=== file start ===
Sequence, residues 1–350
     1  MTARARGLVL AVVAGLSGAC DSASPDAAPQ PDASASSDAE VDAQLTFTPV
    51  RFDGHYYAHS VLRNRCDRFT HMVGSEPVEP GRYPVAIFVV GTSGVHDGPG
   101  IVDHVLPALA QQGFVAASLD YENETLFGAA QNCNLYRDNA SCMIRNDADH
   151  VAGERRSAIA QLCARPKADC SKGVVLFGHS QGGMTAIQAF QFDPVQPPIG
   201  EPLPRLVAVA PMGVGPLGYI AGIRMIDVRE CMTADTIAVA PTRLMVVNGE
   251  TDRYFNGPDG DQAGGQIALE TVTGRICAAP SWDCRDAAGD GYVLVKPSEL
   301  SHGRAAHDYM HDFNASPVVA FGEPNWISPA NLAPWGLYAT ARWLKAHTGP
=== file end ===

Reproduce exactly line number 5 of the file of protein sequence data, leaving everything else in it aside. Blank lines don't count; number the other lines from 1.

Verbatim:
   151  VAGERRSAIA QLCARPKADC SKGVVLFGHS QGGMTAIQAF QFDPVQPPIG